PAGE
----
For a profession based largely on face-to-face encounters, the business of lawyering was jolted when the pandemic took hold. But even as parts of the judicial system shut down, adaptations quickly emerged to allow other parts to continue to function.

In this podcast, James M. Wagstaffe explains how technology rescued the legal profession and will continue to shape the way the profession operates with greater economies of scale.

As Jim puts it, civil trials “will be massively changed” in the long run. Many will be hybrid in nature, with some participants showing up in the courtroom and others plugging in remotely. Jim offers another prediction: “We’re not going to be flying witnesses from faraway places if they are going to be testifying for 30 minutes.”

During the pandemic, courts developed new protocols, such as permitting remote attendance and creating new rules for electronic exhibits. In addition, state legislatures extended many statutes of limitations.

Jim says some of the changes are not surprising and are more like “old wine in a new bottle.” He notes, for example, that for decades courts have allowed witnesses to testify remotely and lawyers to take telephonic depositions. Those previously less-common practices are now moving to center stage.

And Jim expects the enhanced reliance on technology will lead to more changes in the courtroom, such increased use of artificial intelligence and holographic presentations.

“What we are seeing is a sea change adapting to these new world economies that I think will transcend the pandemic itself,” Jim notes.

About Jim Wagstaffe:

James (Jim) M. Wagstaffe is a trial attorney in San Francisco who handles a diverse range of litigation matters. His practice focuses on complex litigation, professional and governmental representation, will and trust disputes, legal ethics, and First Amendment matters. In addition, Jim is recognized as an authority and frequently is consulted by other law firms and clients alike on complicated civil procedure, ethics, attorneys’ fees and trial practice issues. See, e.g., Delta Forensic Engineering, Inc. v. Delta V Biomechanics, Inc. (C.D. Cal. 2021); O’Keefe v. Target Corporation (N.D. Cal. 2020).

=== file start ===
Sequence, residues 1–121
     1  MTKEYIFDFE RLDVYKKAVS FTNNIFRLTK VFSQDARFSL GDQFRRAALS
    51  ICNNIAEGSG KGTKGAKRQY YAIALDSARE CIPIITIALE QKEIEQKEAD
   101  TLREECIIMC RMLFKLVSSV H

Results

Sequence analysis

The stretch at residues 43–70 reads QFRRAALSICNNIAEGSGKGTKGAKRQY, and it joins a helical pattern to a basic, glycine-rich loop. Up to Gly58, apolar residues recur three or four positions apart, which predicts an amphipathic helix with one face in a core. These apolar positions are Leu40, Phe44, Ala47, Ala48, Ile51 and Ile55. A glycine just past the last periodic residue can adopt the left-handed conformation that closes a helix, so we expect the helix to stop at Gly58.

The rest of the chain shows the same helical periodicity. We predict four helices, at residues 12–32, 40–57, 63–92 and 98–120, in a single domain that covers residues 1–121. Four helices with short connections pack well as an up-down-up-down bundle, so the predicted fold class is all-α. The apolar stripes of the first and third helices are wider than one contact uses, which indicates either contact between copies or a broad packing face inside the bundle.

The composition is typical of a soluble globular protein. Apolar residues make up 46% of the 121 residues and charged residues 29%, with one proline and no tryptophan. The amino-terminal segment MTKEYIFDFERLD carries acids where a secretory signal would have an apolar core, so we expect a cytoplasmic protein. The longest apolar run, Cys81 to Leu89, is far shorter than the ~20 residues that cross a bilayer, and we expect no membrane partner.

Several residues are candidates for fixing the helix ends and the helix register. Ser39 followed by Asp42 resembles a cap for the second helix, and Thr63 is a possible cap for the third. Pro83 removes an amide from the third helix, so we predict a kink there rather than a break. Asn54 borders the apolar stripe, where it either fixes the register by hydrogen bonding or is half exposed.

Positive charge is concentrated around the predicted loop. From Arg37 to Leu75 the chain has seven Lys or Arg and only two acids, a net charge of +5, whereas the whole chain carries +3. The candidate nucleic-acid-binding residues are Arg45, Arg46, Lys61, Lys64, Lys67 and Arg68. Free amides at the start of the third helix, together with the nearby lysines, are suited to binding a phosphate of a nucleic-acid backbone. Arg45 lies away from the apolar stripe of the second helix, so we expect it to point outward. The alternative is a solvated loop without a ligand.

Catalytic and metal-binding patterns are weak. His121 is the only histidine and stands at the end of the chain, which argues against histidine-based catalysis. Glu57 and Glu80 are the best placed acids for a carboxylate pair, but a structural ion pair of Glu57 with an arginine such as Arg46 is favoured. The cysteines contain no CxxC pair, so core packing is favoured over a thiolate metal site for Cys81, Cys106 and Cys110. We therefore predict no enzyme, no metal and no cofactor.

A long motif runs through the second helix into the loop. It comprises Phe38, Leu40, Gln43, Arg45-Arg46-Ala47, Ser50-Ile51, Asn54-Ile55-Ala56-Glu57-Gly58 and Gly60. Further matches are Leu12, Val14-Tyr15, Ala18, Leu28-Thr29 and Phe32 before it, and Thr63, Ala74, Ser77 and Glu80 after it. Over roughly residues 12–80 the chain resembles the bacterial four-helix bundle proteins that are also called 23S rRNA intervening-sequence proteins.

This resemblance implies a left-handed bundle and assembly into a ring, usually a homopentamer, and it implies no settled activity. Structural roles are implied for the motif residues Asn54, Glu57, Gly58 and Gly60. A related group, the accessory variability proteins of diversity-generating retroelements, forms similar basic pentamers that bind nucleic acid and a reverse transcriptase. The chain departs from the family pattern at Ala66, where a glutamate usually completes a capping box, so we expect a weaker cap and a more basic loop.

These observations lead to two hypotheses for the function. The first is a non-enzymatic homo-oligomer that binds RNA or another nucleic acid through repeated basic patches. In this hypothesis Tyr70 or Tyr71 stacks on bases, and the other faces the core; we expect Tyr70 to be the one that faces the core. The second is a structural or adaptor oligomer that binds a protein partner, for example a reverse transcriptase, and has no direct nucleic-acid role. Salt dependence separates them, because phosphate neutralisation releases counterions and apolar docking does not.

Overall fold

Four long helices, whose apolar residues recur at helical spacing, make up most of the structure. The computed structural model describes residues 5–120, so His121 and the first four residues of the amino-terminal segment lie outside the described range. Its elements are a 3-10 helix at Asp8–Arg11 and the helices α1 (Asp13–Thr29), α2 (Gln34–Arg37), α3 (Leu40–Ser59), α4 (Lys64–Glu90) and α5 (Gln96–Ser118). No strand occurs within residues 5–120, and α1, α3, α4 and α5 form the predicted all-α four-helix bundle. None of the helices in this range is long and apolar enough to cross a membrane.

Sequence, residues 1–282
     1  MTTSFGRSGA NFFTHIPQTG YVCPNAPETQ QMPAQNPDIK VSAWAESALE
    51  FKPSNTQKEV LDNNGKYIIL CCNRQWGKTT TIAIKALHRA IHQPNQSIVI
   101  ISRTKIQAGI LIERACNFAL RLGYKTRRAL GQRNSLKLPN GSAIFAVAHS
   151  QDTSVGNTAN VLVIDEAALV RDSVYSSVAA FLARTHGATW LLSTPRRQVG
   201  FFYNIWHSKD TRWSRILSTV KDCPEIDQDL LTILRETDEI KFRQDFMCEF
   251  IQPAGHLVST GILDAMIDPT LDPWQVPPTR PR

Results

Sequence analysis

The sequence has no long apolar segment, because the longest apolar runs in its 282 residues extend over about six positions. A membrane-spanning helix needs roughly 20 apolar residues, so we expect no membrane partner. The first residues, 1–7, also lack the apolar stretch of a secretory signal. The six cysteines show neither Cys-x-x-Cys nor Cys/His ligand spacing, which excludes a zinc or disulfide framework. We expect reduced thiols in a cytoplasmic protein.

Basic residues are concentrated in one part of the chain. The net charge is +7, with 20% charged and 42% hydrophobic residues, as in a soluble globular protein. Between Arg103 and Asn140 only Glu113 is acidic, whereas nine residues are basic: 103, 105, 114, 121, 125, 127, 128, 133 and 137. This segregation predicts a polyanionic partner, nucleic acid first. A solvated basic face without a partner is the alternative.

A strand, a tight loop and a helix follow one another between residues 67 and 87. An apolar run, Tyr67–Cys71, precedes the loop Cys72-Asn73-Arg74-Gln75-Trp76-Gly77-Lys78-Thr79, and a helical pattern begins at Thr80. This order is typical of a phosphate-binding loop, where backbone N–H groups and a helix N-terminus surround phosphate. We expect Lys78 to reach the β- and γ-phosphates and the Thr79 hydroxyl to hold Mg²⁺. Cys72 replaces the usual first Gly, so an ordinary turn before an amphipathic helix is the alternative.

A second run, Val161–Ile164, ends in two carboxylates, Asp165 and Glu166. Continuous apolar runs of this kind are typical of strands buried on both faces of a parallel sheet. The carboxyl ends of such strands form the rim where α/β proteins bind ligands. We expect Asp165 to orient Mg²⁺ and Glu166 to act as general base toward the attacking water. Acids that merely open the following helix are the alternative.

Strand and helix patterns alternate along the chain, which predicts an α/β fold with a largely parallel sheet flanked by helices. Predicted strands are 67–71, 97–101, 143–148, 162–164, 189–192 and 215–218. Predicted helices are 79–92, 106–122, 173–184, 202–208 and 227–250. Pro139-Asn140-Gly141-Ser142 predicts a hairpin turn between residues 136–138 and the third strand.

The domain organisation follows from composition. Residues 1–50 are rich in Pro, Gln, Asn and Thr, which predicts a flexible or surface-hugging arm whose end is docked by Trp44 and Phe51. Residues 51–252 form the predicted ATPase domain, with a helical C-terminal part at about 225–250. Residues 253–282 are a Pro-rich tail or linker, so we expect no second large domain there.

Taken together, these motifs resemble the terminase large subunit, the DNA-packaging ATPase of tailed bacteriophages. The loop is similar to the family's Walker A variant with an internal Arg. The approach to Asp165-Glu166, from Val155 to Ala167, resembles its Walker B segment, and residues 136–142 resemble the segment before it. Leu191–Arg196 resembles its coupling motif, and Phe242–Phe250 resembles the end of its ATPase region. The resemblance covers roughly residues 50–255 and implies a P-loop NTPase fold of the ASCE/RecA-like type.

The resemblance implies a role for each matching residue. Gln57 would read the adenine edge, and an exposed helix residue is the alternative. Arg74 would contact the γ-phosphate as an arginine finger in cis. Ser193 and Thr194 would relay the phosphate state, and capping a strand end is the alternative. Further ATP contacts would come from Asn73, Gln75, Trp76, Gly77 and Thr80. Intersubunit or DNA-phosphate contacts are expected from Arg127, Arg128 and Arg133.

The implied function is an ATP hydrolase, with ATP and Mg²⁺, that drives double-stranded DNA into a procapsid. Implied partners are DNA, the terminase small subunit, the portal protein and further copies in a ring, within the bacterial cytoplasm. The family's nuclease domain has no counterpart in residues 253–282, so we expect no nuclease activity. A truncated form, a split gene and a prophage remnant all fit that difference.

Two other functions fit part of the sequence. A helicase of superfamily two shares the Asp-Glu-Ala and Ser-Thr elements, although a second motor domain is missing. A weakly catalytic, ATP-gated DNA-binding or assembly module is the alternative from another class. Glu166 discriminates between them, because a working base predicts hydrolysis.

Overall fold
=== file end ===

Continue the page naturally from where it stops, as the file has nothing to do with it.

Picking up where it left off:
Jim is also the author of two widely-used, multi-volume Practice Guides (one on federal practice and the other on California practice, both published jointly by The Wagstaffe Group and Lexis Nexis, 2021). In recognition of his extensive experience as a litigator and contributions to developments in the law, Jim was appointed by Chief Justice John Roberts in 2015 to the Federal Judicial Center Foundation Board where he currently serves as its Chair.

In addition, Jim teaches Civil Procedure at UC Hastings College of the Law and regularly publishes articles on civil practice and first amendment issues. And for more than thirty years, he has been responsible for development and delivery of various annual forums, seminars, webinars, and workshop sessions directed at educating federal judges and their respective clerk staffs on civil procedure and other aspects of federal law. In recognition of this work, Jim received the coveted Judge John R. Brown Award for Judicial Scholarship and Education awarded by the Federal Judicial Center in recognition as the top teacher of federal judges in the country.


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